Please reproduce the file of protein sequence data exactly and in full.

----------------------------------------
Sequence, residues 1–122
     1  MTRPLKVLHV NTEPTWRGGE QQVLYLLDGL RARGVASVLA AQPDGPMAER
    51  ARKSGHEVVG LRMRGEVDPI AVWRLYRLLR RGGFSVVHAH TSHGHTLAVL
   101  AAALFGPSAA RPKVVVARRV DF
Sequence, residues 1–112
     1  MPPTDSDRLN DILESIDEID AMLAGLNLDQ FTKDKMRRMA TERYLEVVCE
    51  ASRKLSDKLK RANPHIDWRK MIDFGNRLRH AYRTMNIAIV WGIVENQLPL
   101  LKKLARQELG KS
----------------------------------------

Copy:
Sequence, residues 1–122
     1  MTRPLKVLHV NTEPTWRGGE QQVLYLLDGL RARGVASVLA AQPDGPMAER
    51  ARKSGHEVVG LRMRGEVDPI AVWRLYRLLR RGGFSVVHAH TSHGHTLAVL
   101  AAALFGPSAA RPKVVVARRV DF
Sequence, residues 1–112
     1  MPPTDSDRLN DILESIDEID AMLAGLNLDQ FTKDKMRRMA TERYLEVVCE
    51  ASRKLSDKLK RANPHIDWRK MIDFGNRLRH AYRTMNIAIV WGIVENQLPL
   101  LKKLARQELG KS